In April 2020, the Department of Home Affairs announced a new visa pathway for certain current or former visa holders affected by the Covid-19 pandemic. This pathway will allow applicants to maintain a lawful status in cases where people are required to depart, but unable to do so due to Covid-19.
Subclass 408 Australian Government Endorsed Event (AGEE) Stream is a visa option for people who:
- Are onshore
- Are unable to depart due to Covid-19
- Are holding a visa that is due to expire in the next 28 days or which has expired less than 28 days ago
- Can demonstrate that are not eligible to meet requirements for any other visa based on the purpose of their stay
- Meet one of the two streams explained below: “Working in critical sectors of the economy” or “visa of last resort”.
Working in critical sectors of the economy
This stream is available for temporary visa holders whose visas are about to expire or have expired less than 28 days ago and are unable to meet requirements for any other visa subclass AND are working in critical sectors, for example, in age care, disability care, childcare, agriculture, food processing, health care, etc.
Applicants must provide evidence of ongoing employment (i.e. offer letter, reference letter). They are also required to prove that the position cannot be filled by Australian Citizens or Permanent Residents.
Visa holders will be given permission to work and may be granted a visa to stay for up to 12 months.
Subclass 408 as a visa of Last Resort
This visa subclass could also be an option for temporary visa holders who are not working in critical sectors, are unable to meet requirements for any other visa and cannot depart Australia due to Covid-19.
This visa option will allow applicants to remain lawfully in Australia until it is safe and possible to depart. Holders will not be given work rights and will be required to provide financial evidence to demonstrate that they can support themselves.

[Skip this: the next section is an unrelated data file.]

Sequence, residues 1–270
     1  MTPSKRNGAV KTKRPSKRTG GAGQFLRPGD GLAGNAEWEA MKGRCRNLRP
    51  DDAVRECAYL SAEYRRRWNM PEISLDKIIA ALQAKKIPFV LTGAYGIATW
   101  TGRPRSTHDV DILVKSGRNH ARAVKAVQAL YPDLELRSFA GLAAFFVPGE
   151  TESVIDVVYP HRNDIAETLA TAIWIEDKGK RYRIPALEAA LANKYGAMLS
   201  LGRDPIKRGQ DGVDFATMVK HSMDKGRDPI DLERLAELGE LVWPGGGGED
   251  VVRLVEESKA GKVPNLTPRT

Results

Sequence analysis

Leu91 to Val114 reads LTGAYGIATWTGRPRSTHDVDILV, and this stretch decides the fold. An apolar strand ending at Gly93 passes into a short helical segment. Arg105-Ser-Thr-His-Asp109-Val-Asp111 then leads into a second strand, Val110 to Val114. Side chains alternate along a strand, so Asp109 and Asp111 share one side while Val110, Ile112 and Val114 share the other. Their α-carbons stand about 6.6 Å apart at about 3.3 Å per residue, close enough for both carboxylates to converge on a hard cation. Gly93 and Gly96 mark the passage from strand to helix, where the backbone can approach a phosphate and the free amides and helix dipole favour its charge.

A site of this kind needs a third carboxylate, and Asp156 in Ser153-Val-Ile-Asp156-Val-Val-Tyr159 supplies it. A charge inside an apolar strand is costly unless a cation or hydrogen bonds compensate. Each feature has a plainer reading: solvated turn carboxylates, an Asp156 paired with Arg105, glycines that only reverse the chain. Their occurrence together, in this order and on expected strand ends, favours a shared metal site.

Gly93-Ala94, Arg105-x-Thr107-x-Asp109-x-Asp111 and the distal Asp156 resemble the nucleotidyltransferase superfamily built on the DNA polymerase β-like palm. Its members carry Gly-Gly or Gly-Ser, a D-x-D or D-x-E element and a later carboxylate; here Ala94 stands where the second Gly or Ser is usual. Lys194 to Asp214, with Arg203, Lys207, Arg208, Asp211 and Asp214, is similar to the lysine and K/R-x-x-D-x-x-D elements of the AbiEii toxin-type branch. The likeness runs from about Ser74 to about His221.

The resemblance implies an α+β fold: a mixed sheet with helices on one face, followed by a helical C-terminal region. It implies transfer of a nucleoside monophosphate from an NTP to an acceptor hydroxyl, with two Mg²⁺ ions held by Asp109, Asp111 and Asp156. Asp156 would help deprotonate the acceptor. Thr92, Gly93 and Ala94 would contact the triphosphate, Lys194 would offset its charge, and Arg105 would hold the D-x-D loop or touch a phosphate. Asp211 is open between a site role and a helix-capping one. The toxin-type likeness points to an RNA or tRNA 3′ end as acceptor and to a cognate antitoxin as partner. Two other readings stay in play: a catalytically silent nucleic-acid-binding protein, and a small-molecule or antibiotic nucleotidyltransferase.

Other Visa Options
Temporary visa holders who are unable to depart Australia should consider applying for another substantive visa, such as the same visa they are or were holding or a Visitor Visa Subclass 600 and, if unable to meet the criteria, for a Bridging Visa E.
Subclass 600 (Visitor Visa) is usually granted without permission to work. However, there are provisions available in the legislation to request this restriction to be lifted if the person’s circumstances have changed after their arrival in Australis and, consequently, they are experiencing financial hardship.
Current industry surveys indicate that the Department of Home Affairs has been granting visas with permission to work valid until October 2020, assuming that it will safe and possible for to people to depart by then.
Bridging Visa E is a not a substantive visa, but a compliance visa and it is always granted without permission to work. However, under financial hardship provisions, this condition can also be lifted. After applying for a Bridging Visa E, applicants are normally interviewed by a Case Officer and if requirements are met, a visa is granted on the spot. It is quite common that visa holders are asked to notify the department in advance of changes in residential address and contact details and are normally required to present themselves to immigration on a regular basis.
It is always recommended that potential applicants of a Bridging Visa E speak to a Registered Migration Agent before lodging the application. This type of bridging visa has future migration implications and personalised advice should be sought.